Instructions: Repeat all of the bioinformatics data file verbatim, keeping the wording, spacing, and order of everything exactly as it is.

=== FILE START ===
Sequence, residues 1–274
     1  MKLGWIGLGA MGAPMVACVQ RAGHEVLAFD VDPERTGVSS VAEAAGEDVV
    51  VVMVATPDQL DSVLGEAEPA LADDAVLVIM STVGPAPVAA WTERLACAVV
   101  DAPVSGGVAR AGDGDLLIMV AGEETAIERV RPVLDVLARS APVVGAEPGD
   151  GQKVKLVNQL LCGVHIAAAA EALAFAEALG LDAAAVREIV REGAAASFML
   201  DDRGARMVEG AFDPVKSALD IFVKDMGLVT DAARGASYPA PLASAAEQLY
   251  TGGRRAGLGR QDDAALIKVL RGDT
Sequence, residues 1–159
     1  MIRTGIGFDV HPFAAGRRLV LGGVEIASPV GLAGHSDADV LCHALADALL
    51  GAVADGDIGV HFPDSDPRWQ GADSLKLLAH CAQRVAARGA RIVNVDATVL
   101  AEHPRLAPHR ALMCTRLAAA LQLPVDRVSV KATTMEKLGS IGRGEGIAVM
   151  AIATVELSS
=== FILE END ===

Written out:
Sequence, residues 1–274
     1  MKLGWIGLGA MGAPMVACVQ RAGHEVLAFD VDPERTGVSS VAEAAGEDVV
    51  VVMVATPDQL DSVLGEAEPA LADDAVLVIM STVGPAPVAA WTERLACAVV
   101  DAPVSGGVAR AGDGDLLIMV AGEETAIERV RPVLDVLARS APVVGAEPGD
   151  GQKVKLVNQL LCGVHIAAAA EALAFAEALG LDAAAVREIV REGAAASFML
   201  DDRGARMVEG AFDPVKSALD IFVKDMGLVT DAARGASYPA PLASAAEQLY
   251  TGGRRAGLGR QDDAALIKVL RGDT
Sequence, residues 1–159
     1  MIRTGIGFDV HPFAAGRRLV LGGVEIASPV GLAGHSDADV LCHALADALL
    51  GAVADGDIGV HFPDSDPRWQ GADSLKLLAH CAQRVAARGA RIVNVDATVL
   101  AEHPRLAPHR ALMCTRLAAA LQLPVDRVSV KATTMEKLGS IGRGEGIAVM
   151  AIATVELSS